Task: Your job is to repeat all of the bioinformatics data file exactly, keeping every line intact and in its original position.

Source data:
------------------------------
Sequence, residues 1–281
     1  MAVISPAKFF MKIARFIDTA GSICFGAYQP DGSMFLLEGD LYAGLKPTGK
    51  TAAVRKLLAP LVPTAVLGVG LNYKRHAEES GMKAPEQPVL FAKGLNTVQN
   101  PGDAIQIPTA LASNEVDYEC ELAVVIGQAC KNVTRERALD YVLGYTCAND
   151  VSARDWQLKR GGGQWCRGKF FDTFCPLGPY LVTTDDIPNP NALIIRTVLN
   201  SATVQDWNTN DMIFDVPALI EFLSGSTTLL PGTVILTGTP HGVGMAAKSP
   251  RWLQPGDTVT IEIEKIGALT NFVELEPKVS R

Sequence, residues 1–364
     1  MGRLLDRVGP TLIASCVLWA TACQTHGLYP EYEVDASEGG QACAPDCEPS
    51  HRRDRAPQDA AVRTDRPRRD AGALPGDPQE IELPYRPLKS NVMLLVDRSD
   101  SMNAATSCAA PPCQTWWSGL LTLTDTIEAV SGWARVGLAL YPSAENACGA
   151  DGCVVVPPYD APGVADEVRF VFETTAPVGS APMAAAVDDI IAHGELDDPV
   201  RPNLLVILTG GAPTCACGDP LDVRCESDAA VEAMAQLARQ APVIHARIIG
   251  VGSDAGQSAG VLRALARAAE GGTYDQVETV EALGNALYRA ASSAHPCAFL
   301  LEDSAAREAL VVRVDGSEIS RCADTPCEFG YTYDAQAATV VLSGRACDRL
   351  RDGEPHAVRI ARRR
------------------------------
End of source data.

Sequence, residues 1–281
     1  MAVISPAKFF MKIARFIDTA GSICFGAYQP DGSMFLLEGD LYAGLKPTGK
    51  TAAVRKLLAP LVPTAVLGVG LNYKRHAEES GMKAPEQPVL FAKGLNTVQN
   101  PGDAIQIPTA LASNEVDYEC ELAVVIGQAC KNVTRERALD YVLGYTCAND
   151  VSARDWQLKR GGGQWCRGKF FDTFCPLGPY LVTTDDIPNP NALIIRTVLN
   201  SATVQDWNTN DMIFDVPALI EFLSGSTTLL PGTVILTGTP HGVGMAAKSP
   251  RWLQPGDTVT IEIEKIGALT NFVELEPKVS R

Sequence, residues 1–364
     1  MGRLLDRVGP TLIASCVLWA TACQTHGLYP EYEVDASEGG QACAPDCEPS
    51  HRRDRAPQDA AVRTDRPRRD AGALPGDPQE IELPYRPLKS NVMLLVDRSD
   101  SMNAATSCAA PPCQTWWSGL LTLTDTIEAV SGWARVGLAL YPSAENACGA
   151  DGCVVVPPYD APGVADEVRF VFETTAPVGS APMAAAVDDI IAHGELDDPV
   201  RPNLLVILTG GAPTCACGDP LDVRCESDAA VEAMAQLARQ APVIHARIIG
   251  VGSDAGQSAG VLRALARAAE GGTYDQVETV EALGNALYRA ASSAHPCAFL
   301  LEDSAAREAL VVRVDGSEIS RCADTPCEFG YTYDAQAATV VLSGRACDRL
   351  RDGEPHAVRI ARRR